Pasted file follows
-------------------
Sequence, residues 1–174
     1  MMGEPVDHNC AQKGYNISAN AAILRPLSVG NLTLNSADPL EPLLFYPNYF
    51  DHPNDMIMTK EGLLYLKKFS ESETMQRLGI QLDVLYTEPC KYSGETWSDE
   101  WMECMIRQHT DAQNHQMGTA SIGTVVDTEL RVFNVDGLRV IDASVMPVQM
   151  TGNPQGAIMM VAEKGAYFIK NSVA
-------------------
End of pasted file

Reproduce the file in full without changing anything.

Sequence, residues 1–174
     1  MMGEPVDHNC AQKGYNISAN AAILRPLSVG NLTLNSADPL EPLLFYPNYF
    51  DHPNDMIMTK EGLLYLKKFS ESETMQRLGI QLDVLYTEPC KYSGETWSDE
   101  WMECMIRQHT DAQNHQMGTA SIGTVVDTEL RVFNVDGLRV IDASVMPVQM
   151  TGNPQGAIMM VAEKGAYFIK NSVA